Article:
Jemele Hill Attacks OutKick In Desperate Attempt To Boost Failing Book Sales

Oh, Jemele. As the kids say, "You don't want that smoke."

Jemele Hill published a book near the end of October. If you didn't know that, you're not alone.

That tweet from OutKick's Bobby Burack was posted on Tuesday. On Wednesday, the day of this writing, her book had fallen to #4,452 on Amazon's chart. At this rate, she's going to be well outside the Top 5,000 books on Amazon less than a month after publishing.


EDITOR'S UPDATE (11/19): Hill's book now ranks outside the top 6,500 books on Amazon.

We can only assume this is making Jemele very angry. And when people get angry, they lash out. Jemele went looking for someone who would publish her rage and a beautiful marriage was born between her and Deadspin.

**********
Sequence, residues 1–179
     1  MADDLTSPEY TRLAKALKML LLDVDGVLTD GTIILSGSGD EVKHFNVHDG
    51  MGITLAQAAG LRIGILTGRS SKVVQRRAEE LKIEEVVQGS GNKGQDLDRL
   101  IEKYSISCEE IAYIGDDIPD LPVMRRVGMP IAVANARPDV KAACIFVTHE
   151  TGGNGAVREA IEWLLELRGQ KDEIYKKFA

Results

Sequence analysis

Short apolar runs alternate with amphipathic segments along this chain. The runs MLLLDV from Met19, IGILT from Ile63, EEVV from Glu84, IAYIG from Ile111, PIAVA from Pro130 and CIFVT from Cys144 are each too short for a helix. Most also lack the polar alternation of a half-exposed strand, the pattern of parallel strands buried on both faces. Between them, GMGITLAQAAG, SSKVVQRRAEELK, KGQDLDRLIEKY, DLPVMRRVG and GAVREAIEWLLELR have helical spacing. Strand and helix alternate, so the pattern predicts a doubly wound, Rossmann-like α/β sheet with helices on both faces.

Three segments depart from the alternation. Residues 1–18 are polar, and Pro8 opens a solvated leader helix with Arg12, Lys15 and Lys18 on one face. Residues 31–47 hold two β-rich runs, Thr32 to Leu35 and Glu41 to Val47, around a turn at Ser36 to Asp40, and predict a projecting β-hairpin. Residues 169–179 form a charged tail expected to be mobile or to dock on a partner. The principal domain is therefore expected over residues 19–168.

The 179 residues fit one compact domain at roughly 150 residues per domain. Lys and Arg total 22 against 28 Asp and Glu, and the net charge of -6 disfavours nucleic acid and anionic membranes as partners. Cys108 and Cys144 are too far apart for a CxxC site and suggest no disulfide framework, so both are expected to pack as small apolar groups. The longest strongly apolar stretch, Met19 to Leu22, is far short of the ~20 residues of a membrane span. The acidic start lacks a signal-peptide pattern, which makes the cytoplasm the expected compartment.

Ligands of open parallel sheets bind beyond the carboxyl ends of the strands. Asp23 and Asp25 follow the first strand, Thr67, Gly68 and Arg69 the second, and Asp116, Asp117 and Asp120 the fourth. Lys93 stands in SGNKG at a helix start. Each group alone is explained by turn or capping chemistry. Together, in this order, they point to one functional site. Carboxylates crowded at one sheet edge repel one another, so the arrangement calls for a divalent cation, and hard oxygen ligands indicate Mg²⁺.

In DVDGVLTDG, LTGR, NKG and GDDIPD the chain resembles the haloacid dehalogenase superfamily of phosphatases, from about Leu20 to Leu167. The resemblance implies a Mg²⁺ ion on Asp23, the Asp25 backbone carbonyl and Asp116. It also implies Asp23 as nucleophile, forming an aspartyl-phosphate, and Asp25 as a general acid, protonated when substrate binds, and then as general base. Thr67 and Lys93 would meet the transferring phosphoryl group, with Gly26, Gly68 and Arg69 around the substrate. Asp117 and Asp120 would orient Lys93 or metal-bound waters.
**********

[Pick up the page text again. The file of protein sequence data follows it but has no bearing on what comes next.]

But, in order for the privilege to view this 90-second video, you have to watch an un-skippable advertisement. The one I got was a minute. I had to watch an entire one-minute advertisement to get to 90 seconds of Jemele Hill.

The irony here is Deadspin thinks people -- normal ones, not like us sociopaths who are paid to do it -- will sit through an advertisement to watch Jemele Hill. You might recall that Hill was kicked off SportsCenter because advertisers left the programs in droves, costing Disney & ESPN millions of dollars.

How do I know that? I worked at ESPN and was told that. Here's what I wrote in a previous column: